From Hip-Hop By The Numbers:
Tyler, The Creator created history today with IGOR
He's the first solo rapper in history to have a No. 1 album he produced and arranged by himself, no co-production or co-producer credits at all
69 rappers have gone No. 1 on the Billboard 200. No-one has done this before
— Hip Hop By The Numbers (@HipHopNumbers) May 27, 2019
It’s an impressive feat, but those who have followed the 28-year-old rapper have seen this coming. He’s a true polymath who maintained his counter-culture allure while continuing to grow as a person. Tyler’s rise is a playbook for modern culture. His Odd Future collective has a distinct yet polarizing brand in hip-hop.
From DJ Booth:
A modern example of artist turned uber-brand turned movement leader is Tyler, The Creator, whose rise to fame was as much undeniable talent as smart marketing. Tyler, The Brand is quirky, outlandish, prodigal, odd, offensive and relatable to a certain strain of young outcasts.
Tyler, The Movement Leader didn’t have to work hard to tap into that angst. By organizing fans around OFWGKTA [Odd Future Wolf Gang Kill Them All], with an annual meeting at Camp Flog Gnaw and the smorgasbord of media offerings, Tyler gave all of his outcast devotees something they felt they could be a part of. For a long time, wearing an Odd Future shirt didn’t just mean you rode hard for Tyler’s music, it meant you considered yourself a member of the Odd Future movement. Part of the family.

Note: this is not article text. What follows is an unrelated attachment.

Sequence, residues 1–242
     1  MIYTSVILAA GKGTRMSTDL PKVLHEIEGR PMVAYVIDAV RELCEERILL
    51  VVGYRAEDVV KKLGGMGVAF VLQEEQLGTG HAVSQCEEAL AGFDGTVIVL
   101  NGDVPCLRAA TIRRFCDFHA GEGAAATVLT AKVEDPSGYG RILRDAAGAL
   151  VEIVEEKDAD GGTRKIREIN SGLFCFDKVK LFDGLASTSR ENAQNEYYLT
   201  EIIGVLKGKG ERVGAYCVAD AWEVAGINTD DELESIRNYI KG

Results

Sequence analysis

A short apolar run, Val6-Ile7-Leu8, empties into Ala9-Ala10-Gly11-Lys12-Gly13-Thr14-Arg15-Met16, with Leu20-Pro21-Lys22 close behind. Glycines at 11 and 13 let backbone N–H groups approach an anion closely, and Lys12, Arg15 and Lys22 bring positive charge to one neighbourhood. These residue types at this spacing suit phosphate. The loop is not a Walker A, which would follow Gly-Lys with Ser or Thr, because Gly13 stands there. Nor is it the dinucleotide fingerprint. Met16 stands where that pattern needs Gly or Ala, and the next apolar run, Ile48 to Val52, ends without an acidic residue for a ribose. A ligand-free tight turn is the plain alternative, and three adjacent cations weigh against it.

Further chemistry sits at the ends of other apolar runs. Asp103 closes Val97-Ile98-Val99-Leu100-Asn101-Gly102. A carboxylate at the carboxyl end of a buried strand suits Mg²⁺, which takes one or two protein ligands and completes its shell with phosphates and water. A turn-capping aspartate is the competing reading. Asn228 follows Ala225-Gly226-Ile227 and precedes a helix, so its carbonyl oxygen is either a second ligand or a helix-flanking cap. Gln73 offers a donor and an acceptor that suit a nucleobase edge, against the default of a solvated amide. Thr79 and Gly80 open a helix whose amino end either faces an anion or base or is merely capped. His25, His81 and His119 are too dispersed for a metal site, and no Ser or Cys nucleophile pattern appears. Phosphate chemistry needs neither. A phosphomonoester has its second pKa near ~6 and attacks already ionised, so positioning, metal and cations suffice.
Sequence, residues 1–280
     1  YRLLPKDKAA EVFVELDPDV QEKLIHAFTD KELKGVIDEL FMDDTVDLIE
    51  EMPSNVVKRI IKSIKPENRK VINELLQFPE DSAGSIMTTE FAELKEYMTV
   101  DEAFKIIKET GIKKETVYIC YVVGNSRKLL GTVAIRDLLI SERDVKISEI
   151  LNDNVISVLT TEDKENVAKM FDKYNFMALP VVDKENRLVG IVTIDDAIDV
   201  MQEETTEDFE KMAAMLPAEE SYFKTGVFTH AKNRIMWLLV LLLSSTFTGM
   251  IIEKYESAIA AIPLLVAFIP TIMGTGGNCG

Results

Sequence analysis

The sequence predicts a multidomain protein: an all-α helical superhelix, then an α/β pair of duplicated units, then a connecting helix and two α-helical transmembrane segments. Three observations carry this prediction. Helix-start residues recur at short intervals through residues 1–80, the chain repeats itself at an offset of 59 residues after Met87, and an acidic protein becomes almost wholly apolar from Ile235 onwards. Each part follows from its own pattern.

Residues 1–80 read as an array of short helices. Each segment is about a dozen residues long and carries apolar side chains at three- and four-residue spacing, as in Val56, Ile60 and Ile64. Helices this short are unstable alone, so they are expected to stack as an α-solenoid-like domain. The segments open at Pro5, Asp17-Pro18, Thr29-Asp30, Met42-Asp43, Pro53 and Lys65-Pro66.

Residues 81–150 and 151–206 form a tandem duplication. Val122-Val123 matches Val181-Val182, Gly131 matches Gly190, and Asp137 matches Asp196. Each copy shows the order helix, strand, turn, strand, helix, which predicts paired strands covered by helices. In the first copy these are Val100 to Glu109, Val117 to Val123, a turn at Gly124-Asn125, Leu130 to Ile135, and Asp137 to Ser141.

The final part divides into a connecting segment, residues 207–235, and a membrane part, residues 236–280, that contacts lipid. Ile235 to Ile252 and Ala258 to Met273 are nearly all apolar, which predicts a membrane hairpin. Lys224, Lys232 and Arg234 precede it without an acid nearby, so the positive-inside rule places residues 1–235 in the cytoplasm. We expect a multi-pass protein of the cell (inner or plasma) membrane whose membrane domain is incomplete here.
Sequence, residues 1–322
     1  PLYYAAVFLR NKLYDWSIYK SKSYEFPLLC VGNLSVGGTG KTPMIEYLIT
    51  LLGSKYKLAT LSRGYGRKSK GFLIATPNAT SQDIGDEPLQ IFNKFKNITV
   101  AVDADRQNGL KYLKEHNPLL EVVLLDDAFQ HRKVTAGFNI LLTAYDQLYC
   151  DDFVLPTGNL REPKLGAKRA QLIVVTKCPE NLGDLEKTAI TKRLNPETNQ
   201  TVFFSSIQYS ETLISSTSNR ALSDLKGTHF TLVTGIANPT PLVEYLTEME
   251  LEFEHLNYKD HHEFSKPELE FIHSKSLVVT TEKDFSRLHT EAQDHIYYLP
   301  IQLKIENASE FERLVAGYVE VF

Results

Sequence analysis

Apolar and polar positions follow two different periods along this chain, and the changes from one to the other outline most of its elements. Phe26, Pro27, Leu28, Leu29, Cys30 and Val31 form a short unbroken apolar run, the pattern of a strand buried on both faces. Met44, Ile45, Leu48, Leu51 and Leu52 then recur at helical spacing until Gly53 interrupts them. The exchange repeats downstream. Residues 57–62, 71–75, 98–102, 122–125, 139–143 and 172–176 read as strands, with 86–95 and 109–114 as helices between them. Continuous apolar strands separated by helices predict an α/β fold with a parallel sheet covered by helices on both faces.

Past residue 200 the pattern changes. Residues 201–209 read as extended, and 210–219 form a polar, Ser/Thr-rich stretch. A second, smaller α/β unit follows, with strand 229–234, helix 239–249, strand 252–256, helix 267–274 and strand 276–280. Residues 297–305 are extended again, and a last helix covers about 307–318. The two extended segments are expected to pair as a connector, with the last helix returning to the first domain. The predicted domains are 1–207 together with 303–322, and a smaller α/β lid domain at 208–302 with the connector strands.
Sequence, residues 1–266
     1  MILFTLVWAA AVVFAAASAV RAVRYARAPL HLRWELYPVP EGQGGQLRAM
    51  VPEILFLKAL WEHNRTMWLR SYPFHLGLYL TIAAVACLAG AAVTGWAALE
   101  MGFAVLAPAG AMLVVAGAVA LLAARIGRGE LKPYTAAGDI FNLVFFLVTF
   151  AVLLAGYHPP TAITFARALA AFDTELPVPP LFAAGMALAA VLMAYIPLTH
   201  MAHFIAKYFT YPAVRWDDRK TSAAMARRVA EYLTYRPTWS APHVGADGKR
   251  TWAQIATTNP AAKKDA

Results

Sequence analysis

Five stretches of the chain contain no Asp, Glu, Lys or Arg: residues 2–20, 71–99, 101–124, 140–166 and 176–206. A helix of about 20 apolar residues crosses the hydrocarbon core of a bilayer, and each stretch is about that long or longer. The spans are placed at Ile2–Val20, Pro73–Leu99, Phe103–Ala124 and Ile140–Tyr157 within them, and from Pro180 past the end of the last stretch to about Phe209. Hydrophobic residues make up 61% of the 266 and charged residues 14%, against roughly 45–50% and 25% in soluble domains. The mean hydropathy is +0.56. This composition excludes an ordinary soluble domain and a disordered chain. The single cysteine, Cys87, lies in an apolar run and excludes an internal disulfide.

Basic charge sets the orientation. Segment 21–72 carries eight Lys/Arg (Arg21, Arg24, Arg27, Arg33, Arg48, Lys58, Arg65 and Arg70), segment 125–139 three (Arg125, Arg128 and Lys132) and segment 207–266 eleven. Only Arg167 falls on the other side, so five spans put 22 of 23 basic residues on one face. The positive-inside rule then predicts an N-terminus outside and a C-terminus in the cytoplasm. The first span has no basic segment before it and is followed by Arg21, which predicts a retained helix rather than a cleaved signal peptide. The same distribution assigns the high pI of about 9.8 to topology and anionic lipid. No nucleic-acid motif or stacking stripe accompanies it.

It truly is a movement. Tyler launched a music festival before every rapper wanted to do one (Camp Flog Gnaw is now in its eighth year). His Golf Wang apparel brand was pushing a lifestyle before ‘lifestyle branding’ blew up. And his outcast appeal outlasted groups like The Cool Kids, who I had thought were gonna pop and be in the position that Tyler currently is. But Tyler has done a better job with branding than The Cool Kids did.
By design, successful movements need counter-cultural awareness and a disregard for mainstream society. Tyler’s been burned in the past for his partnerships with Mountain Dew and Vans. But his deals with Adult Swim and Converse worked out well.
Both Adult Swim and Converse are niche brands inside of larger companies (Cartoon Network and Nike, respectively). Niche partnerships for in-house brands are ideal for someone like Tyler. These brands have the financial backing of their parent companies with the freedom to be more subversive.
“You just gotta know where you sit, and that’s where people fuck up,” Tyler said last year in an interview with Fast Company. “I know I can’t do an iHeart Radio fuckin’ festival. People don’t know that they don’t matter at certain places.”
If there was ever a thesis statement on Tyler, The Creator’s business mentality, that might be it.
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